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Kinky Boots Review

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by Casimir Harlow Oct 14, 2006 at 12:00 AM

    Kinky Boots Review
    Charlie Price was brought up to love shoes. His dad was a cobbler, introducing Charlie to every single aspect of the manufacturing process within their Northampton-based shoe warehouse. By the time Charlie is old enough to make his own decisions, he no longer wants anything to do with his dad's business and chooses to move away from Northamptonshire with his fiancée, Lauren. However, before they can even get settled, a phone-call brings bad tidings and Charlie finds himself the new owner of Price Shoes. He tries his best to adapt to the new role but the work-staff do not particularly like him or his new ways. It does not help that some big losses hidden in the books by his father (from cancelled order) force him to make over a dozen redundancies. Worse still, unless he can find a way to reinvigorate the dying business, he is going to end up losing it all. Then he meets Lola, a lively drag queen who has her own song-and-dance show in Soho. Lola needs new boots: high-heeled, thigh-high boots capable of supporting the weight of a man. It is just what Charlie needs as well - an untapped new niche market - but can he and his employees overcome their preconceptions and prejudices to save their dying business?

    Kinky Boots is, transvestites aside, a fairly predictable little comedy drama. Still, it is nonetheless warm and enjoyable, with a well-paced, well-developed plot and slightly richer characters than you would normally expect from this kind of affair. Joel Edgerton takes the lead as Charlie Price. You might recognise him from the Star Wars prequels or, on the small screen, in the Australian soap-drama The Secret Life of Us. Nothing I have seen from him has, in my opinion, qualified him to take centre-stage in a production and this is certainly no exception, but acting opposite some decent talent does give him a better shot at showing his mettle. The decent talent comes in the form of Chiwetel Ejiofor, who previously brought us a whole new dimension of bad guy in the excellent Firefly spin-off, Serenity. Here he's also pretty good in the very different role of Lola, playing the drag queen as both strong and vulnerable, and never drifting too far into cliché and stereotype in his performance.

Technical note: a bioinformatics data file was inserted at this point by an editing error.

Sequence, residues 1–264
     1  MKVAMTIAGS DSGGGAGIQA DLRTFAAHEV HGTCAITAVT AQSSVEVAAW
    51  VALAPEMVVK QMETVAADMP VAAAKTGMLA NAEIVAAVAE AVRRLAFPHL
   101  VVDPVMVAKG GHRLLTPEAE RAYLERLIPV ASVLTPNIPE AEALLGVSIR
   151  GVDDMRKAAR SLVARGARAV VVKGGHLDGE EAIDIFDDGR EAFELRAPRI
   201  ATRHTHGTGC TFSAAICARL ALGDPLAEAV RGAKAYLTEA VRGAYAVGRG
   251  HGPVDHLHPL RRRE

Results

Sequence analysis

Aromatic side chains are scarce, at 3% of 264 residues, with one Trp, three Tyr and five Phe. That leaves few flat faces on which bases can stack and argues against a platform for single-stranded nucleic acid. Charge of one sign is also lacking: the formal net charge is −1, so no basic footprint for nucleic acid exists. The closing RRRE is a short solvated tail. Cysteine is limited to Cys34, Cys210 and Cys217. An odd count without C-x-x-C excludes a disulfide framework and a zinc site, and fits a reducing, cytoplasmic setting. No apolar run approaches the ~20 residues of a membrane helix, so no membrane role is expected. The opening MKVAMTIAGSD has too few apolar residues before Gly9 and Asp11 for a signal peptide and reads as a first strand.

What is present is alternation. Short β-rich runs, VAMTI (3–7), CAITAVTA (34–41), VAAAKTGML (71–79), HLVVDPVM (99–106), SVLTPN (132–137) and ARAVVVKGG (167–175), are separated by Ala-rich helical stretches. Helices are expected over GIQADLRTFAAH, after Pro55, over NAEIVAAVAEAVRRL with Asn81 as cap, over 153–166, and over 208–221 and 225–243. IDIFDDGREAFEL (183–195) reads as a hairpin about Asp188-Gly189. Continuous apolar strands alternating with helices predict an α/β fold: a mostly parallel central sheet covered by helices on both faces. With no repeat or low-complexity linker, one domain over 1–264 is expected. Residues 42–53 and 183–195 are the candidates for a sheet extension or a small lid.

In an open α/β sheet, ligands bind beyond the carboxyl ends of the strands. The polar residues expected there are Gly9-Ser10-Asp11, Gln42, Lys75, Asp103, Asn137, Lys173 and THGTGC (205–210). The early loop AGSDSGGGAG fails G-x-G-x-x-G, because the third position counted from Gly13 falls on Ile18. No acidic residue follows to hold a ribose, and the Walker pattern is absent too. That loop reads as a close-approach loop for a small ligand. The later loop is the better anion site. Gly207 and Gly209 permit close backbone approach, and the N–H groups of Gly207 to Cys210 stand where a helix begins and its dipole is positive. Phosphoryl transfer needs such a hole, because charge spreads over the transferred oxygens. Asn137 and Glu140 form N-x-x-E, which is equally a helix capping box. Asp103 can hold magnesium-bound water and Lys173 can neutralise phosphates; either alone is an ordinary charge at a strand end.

Backing them up we have the ever-excellent Nick Frost (who is most often seen opposite Simon Pegg in hilarious productions like Shaun of the Dead and Spaced) as one of Price Shoes' most prejudiced workers, Jemima Rooper (from the TV shows As If, Hex and Sugar Rush) as Charlie's two-dimensional fiancée (one of the shamefully clichéd characters that every drama of this sort requires) and Sarah-Jane Potts (also from the TV show Sugar Rush) as the one worker who believes in Charlie's dream. To round out the cast we have Robert Pugh (Master and Commander, Prime Suspect) in a cameo as Charlie's dad and Linda Bassett (The Hours, Calendar Girls) as another one of the seasoned workers. It's a decent enough cast for this sort of affair and they all bring something to their roles.

    All in all Kinky Boots is not particularly original but nonetheless perfectly watchable. The drag queen side of things is presented in a warm, charming manner, making it infinitely more accessible and, apart from a few too many moments where they drop into song, it does not drift too far into farcical campness. The cast do well with the material they have and this is the kind of thing that you will probably quite enjoy on TV sometime. If you like the sound of it, the theme it follows or this kind of movie (or the people involved) then it might be worth adding to your collection, otherwise give it a rental first to see if you like it.